NASSAU, BAHAMAS — Deputy Prime Minister and Minister of Finance K Peter Turnquest yesterday acknowledged that the country’s fiscal headroom is “narrowing” as it faces roughly $9 billion worth of debt.
Turnquest said it was “unfortunate but necessary” for the government to borrow $1.3 billion this fiscal year to mitigate the fall-out from COVID-19 on the heels of Hurricane Dorian.
He appeared as a guest on ‘The Political Review’ with Quincy Parker on Guardian Talk Radio.
“Unfortunately we find ourselves in a situation where we have roughly $9 billion dollars worth of debt,” Turnquest said.
“That means that our fiscal headroom is narrowing in that we could only afford to acquire so much debt before the financing cost of that debt becomes the most significant, dominant part of our budget, meaning we are working and collecting taxes only to pay interest on these loans.”
He said: “That means we all have to do our best to reduce the amount of expenditure, thus the amount we borrow but also that we are using whatever we are borrowing to produce a return. That is where we have been trying to place our attention.”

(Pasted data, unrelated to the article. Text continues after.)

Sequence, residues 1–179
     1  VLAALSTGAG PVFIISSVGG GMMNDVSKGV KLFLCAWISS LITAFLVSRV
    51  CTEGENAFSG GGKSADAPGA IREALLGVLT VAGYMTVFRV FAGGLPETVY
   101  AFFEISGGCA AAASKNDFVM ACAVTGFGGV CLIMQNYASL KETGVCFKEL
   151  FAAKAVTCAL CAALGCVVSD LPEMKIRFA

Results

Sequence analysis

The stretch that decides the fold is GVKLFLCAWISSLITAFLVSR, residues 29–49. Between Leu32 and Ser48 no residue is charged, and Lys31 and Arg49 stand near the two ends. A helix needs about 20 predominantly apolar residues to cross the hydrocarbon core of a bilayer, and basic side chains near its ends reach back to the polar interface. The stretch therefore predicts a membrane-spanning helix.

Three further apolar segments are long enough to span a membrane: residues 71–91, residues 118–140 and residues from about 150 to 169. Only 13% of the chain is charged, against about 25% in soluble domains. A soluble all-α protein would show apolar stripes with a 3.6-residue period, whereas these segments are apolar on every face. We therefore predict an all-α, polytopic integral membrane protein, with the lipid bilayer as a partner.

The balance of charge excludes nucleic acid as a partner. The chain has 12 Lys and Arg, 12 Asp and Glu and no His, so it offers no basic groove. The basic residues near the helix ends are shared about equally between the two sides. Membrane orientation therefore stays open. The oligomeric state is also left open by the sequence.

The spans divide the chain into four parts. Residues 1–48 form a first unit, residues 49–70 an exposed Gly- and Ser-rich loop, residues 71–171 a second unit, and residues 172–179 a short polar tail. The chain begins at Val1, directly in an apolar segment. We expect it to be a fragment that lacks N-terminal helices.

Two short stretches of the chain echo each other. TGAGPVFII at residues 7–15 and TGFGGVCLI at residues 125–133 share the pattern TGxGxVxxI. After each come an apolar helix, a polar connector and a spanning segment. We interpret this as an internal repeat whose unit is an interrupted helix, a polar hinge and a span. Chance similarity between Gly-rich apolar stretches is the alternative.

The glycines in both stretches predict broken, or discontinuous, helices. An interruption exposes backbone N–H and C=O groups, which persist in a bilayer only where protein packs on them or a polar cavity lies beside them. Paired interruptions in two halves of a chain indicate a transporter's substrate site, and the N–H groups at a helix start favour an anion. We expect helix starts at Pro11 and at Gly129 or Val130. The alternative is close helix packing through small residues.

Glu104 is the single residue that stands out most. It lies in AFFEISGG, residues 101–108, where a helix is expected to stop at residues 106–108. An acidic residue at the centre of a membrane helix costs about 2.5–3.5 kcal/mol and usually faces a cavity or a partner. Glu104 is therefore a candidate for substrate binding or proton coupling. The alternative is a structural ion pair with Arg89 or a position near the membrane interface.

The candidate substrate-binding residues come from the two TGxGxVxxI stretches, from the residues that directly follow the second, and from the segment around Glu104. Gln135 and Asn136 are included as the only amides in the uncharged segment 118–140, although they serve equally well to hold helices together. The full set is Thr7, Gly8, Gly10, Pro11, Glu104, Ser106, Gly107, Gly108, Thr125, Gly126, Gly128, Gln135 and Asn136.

Turnquest noted government revenue is roughly $2 billion annually, adding that historically the country has not done a good job paying its debt, with significant roll-over among successive administrations.
The Central Bank reported that the government’s overall deficit widened sharply during the fourth quarter of fiscal year 2019/20, relative to the same period a year earlier.
The regulator said this was underpinned by revenue losses and increased spending for health and social welfare related to COVID-19, along with outlays for post-hurricane rebuilding works.
“Deficit financing was led by borrowings from external sources, and included a $250 million loan from the International Monetary Fund (IMF),” the bank added.